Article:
A 2D pattern does not merge with the shape of the product if it is applied to goods such as paper or textile whose shape differs from these decorative designs, the ECJ ruled today.
Following well known judgment on Louboutin shoes, today’s judgment in the case of the MANHATTAN textile patterns also leads to greater legal certainty for the interpretation of the term “shape” in Regulation No. 207/2009. Because the term “shape” is not defined, its meaning must therefore be determined in the respective context. The referring Swedish Court of Appeal (Svea hovrätt, Patent- och marknadsöverdomstolen) clarified that the Regulation and the previous case-law take into account three-dimensional marks and also two-dimensional marks – if they represent three-dimensional shapes, such as the representation of a sculpture or a vase (Article 7.1 (e)(iii) of Regulation No 207/2009), but that the legal position on two-dimensional designs still required clarity.
The defendant in this case is Svenskt Tenn, based in Sweden, which markets furniture and upholstery fabrics as well as other decorative items, including fabric upholstery with the disputed MANHATTAN fabric design, which was protected by Svenskt Tenn as a Union figurative mark in 2012. Since 2013, the plaintiff Textilis, a company under English law, has also been active in the marketing of fabrics and objects for interior design.
Svenskt Tenn saw his 2D design of the MANHATTAN trademark infringed by a very similar textile design and claimed injunctive relief. Textilis then brought an action for a declaration that the MANHATTAN trade mark was invalid – a classic counterclaim. The Stockholms tingsrätt (Stockholm Court of First Instance) dismissed that counterclaim, inter alia on the ground that the trade mark MANHATTAN was not a shape within the meaning of Article 7(1)(e)(iii) of that regulation.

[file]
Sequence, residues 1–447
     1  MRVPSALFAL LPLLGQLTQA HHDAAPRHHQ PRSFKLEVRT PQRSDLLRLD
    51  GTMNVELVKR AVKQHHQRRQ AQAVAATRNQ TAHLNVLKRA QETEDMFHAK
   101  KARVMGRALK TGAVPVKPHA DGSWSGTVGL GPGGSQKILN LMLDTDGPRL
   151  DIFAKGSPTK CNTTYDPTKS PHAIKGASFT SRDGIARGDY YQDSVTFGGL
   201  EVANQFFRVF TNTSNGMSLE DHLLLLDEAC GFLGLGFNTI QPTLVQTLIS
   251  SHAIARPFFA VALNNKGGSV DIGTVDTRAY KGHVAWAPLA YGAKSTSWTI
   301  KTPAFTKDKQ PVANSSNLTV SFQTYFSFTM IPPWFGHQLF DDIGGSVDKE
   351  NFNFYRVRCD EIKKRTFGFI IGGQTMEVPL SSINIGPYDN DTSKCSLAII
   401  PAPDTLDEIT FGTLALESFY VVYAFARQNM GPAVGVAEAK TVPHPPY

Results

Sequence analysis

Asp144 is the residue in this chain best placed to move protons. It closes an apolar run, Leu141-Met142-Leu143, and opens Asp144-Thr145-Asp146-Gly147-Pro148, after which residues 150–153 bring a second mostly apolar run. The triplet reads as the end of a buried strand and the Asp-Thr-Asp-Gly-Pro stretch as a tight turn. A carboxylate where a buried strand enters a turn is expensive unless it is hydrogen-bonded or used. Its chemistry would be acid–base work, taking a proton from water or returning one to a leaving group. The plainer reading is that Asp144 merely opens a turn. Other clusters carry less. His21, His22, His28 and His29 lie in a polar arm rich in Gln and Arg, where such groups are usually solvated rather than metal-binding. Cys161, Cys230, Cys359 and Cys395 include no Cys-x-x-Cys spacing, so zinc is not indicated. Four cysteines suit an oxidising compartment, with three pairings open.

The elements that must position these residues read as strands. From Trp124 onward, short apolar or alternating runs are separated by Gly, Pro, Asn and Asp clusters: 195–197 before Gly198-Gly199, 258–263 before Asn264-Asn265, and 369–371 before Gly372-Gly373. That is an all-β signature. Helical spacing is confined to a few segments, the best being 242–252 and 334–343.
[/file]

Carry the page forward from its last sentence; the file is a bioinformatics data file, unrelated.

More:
Are textile patterns a shape within the meaning of the regulation?
This was also the central question of today’s ruling of the ECJ. The plaintiff Textilis had asserted before the Court of Appeal that a sign consisting of a fabric sample could not be registered as a trade mark, because otherwise the principle of the temporal limitation of the protection of copyright would be circumvented. For this reason, Article 7 of Regulation No 207/2009 precludes the registration under trade mark law of signs which consist exclusively of the shape which gives substantial value to the goods.
The Court of Appeal considered that nothing justified unequal treatment of a three-dimensional sculpture and a two-dimensional drawing and asked the European Court for clarification:
Must Article 7.1 (e)(iii) of Regulation No 207/2009 be interpreted as meaning that a sign such as that at issue, consisting of two-dimensional decorative motifs, which are affixed to products, such as fabric or paper, consists “exclusively of the shape”, within the meaning of that provision?
2D pattern does not consist “exclusively of the shape”
A two-dimensional design such as that in the present case does not merge with the shape of the product within the meaning of the regulation, the ECJ ruled today. In the context of trade mark law, the term ‘shape’ is generally understood to mean all the lines or contours which spatially delimit the product concerned, such as the Louboutin shoes and the red sole ( Louboutin victorious in the battle over the famous red sole ). In that case, the ECJ made it clear that the application of a particular colour to a specific part of a product does not mean that the sign in question consists of a “shape” within the meaning of Article 3.1 (e)(iii) of Directive 2008/95/EC. However, unlike the facts of the case in the Louboutin judgment, the disputed mark MANHATTAN is a sign containing lines and contours and applied to the product as a decorative two-dimensional design.
Nevertheless, that sign in dispute cannot be regarded as “consisting exclusively of the shape”, since it contains continuing decorative elements with the word Manhattan clearly highlighted. It cannot be accepted that a sign consisting of decorative two-dimensional designs fuses with the shape of the goods if that sign is affixed to goods such as a fabric or paper whose shape is different from those decorative designs, the ECJ held. Consequently, the contested sign cannot consist exclusively of the shape. Therefore, the exclusion provided for in Article 7.1 (e)(iii) of Regulation No 207/2009 and required by Textilis cannot apply to the sign MANHATTAN.
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